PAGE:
The 15:17 to Paris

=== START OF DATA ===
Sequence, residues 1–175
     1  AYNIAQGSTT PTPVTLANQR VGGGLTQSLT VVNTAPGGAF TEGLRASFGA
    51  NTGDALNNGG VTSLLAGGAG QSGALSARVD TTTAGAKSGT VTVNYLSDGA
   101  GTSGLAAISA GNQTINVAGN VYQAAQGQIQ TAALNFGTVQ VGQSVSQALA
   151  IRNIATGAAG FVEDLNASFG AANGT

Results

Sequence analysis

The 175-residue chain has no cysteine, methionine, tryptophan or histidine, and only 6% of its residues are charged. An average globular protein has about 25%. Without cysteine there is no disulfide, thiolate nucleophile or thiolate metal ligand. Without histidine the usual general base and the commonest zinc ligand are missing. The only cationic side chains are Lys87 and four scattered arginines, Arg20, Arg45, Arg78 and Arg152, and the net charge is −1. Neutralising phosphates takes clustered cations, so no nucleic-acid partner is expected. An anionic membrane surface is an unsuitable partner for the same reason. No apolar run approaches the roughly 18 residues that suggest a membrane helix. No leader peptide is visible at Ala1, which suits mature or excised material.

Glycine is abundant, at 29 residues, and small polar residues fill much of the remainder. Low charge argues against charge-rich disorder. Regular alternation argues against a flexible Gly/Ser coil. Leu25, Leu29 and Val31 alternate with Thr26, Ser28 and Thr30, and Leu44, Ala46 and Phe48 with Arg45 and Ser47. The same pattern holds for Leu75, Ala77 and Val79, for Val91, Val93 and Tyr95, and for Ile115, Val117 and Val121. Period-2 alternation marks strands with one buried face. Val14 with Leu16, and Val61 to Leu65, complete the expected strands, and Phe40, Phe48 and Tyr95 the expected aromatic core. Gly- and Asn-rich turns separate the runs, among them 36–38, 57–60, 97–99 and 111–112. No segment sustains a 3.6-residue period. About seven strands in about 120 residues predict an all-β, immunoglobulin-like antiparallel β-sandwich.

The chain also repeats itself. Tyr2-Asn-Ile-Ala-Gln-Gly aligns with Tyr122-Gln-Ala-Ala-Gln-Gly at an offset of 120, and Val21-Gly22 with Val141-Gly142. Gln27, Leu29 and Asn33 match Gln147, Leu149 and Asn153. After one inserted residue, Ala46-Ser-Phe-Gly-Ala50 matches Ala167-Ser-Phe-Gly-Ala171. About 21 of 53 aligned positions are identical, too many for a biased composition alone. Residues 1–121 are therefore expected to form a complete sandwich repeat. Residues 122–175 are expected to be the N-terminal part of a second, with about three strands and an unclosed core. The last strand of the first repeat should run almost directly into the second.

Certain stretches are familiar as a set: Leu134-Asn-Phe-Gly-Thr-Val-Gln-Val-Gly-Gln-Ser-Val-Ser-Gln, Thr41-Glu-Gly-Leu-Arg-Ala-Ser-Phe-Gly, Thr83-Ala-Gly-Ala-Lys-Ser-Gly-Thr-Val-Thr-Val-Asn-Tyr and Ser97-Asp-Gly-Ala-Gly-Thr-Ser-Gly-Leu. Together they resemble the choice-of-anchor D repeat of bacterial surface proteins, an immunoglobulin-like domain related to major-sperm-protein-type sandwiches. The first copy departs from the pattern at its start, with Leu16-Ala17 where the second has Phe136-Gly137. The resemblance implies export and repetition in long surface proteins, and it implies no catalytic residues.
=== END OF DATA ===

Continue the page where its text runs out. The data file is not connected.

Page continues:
I never expected to be reminded of French master Eric Rohmer while watching a film by Clint Eastwood, but The 15:17 to Paris shows that the 87-year-old director is still capable of surprises. In the middle section of Paris, three young men knock around Europe, flirt with attractive women, and muse on the nature of fate—things one would typically find Rohmer’s characters doing. Moreover, Eastwood’s direction of these scenes is relaxed and affectionate (they may be the most laid-back he’s shot since Midnight in the Garden of Good and Evil in 1997). The director clearly enjoys watching these characters bask in the liberty of early adulthood and investigate the world around them. Like Rohmer, who returned to the theme of youth in such later films as A Summer’s Tale (1996) and The Romance of Astrea and Celadon (2007), Eastwood suggests that the characters’ behavior is timeless, reflecting attitudes that young people have always had. Continue reading>>